The songs of Piaf

The great Edith Piaf is recalled in a show heading to Chichester, nearly 50 years after her death.

Piaf - The Songs is at the Minerva Theatre on Saturday, January 21 for matinee and evening performances, featuring Eve Loiseau singing the songs of Piaf with Fiona Barrow, violin and Edward Jay, accordion.

Piaf has become synonymous with the French cabaret of the 1940s and 50s and remains France’s most popular singer.

Piaf’s life was the stuff of legend, from her dramatic rise from Paris street urchin to star of international renown. Her life, however, was anything but la vie en rose. Towards the end of her life, ravaged by pain and injury, Piaf turned to drugs to find comfort and solace, never able to believe that she was indeed loved by countless thousands of fans the world over.

All this Eve tries to convey through the words, that celebrated voice and those songs, including La Vie En Rose, Sous Le Ciel De Paris, Milord, Autumn Leaves, Padam Padam, C’est Merveilleux, L’Accordéoniste and Non, Je Ne Regrette Rien.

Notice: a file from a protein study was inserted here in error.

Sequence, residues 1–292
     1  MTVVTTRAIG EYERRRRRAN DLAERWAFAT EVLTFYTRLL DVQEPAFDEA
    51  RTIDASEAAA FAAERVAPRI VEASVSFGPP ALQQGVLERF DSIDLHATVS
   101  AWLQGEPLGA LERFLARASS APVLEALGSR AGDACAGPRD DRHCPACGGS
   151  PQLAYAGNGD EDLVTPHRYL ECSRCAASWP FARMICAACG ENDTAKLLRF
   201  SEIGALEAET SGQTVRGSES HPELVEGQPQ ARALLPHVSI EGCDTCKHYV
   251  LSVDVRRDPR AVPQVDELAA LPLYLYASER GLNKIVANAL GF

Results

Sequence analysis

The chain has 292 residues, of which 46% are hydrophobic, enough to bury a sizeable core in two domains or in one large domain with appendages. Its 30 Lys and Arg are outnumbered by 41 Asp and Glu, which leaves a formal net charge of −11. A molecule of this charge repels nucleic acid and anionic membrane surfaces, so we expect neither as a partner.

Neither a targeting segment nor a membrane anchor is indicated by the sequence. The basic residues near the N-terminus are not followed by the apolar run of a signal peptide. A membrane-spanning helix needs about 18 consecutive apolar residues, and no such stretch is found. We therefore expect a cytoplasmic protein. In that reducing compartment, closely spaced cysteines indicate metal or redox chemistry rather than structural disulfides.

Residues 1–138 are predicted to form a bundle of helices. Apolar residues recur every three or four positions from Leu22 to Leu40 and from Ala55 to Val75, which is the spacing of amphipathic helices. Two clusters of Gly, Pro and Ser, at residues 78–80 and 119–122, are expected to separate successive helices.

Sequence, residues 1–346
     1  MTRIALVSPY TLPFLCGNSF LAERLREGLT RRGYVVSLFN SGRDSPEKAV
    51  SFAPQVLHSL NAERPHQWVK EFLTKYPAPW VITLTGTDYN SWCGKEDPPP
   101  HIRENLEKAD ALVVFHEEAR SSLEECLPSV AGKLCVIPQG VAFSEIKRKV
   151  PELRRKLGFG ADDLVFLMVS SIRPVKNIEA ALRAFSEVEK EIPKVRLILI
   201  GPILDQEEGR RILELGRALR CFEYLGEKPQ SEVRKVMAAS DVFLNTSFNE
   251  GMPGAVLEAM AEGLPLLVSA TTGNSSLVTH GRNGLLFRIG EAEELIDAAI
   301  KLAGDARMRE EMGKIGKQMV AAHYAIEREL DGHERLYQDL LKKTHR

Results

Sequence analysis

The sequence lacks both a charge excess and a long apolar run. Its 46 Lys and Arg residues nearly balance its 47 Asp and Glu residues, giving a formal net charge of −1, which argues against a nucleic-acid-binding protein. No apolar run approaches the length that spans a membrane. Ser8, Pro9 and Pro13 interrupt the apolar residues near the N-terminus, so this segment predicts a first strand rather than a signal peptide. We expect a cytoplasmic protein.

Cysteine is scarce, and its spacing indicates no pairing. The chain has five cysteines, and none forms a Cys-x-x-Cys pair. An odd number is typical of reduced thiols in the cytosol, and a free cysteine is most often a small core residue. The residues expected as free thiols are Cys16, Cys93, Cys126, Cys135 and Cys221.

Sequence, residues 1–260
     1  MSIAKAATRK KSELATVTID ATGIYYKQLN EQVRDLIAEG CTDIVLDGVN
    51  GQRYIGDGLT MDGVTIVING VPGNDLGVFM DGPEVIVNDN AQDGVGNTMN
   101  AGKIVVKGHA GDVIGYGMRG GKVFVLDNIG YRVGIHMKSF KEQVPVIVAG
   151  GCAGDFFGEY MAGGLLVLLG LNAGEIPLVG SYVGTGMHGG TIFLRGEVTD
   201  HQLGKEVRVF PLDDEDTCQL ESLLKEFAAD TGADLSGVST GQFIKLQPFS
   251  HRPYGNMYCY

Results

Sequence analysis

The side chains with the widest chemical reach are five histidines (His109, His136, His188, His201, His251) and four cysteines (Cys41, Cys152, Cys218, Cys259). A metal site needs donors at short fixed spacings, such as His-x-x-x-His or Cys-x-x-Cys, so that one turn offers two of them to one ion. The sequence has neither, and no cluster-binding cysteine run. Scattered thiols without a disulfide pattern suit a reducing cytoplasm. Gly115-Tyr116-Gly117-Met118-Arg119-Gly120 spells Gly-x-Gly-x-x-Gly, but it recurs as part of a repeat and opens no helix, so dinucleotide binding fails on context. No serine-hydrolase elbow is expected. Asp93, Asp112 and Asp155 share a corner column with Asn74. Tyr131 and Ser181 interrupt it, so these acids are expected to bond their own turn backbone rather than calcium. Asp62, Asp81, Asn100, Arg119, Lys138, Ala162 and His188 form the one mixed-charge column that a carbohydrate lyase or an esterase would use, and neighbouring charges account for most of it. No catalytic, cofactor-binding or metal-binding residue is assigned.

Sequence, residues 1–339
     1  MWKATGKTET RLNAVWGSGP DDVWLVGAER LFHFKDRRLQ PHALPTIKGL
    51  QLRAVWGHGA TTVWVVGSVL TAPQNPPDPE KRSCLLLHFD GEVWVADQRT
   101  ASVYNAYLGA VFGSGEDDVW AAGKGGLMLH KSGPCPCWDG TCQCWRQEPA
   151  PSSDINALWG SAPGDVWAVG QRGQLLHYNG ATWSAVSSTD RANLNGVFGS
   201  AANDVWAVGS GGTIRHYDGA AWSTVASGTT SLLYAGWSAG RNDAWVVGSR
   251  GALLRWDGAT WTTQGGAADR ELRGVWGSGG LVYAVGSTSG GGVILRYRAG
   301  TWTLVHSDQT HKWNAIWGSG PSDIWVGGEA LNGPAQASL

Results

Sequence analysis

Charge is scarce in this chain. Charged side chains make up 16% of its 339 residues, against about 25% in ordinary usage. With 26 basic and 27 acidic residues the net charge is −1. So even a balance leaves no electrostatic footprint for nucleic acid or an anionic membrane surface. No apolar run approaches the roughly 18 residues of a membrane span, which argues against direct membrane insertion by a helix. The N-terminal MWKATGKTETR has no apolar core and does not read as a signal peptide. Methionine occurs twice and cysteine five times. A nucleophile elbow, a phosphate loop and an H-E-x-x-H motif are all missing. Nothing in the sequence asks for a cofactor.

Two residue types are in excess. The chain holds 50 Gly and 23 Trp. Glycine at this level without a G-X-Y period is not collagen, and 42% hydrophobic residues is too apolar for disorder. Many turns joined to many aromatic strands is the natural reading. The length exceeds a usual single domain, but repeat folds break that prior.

“I come from a French and Scottish family,” Eve says. “I would spend holiday time in France and you can imagine the scene, hot summer afternoons, lots of wine, and my family would start to sing. They lived in the Loire Valley and we were always singing French songs.

“I loved the Piaf songs right from that time. I suppose they really started to emerge in my own repertoire when I was getting asked to do after-dinner turns for friends over the years. My first song was La Vie En Rose. I kept doing this little turn and people kept saying that I really should do something with it.

“So I thought I would really research her and look at all the footage and really try to say something about the person that was behind it all. I put this show together quite some time ago in principle, but what really interests me is the songs, the poetry of those songs. She had fantastic writers, and there is just something about those songs. You can’t help but be inspired by them when you hear them, and when you start to sing them, you can’t help but think about her personality and all the problems she had. I put on a little black dress and I have a wig to create a bit of nostalgia, to highlight that Piaf look, and it just takes over!”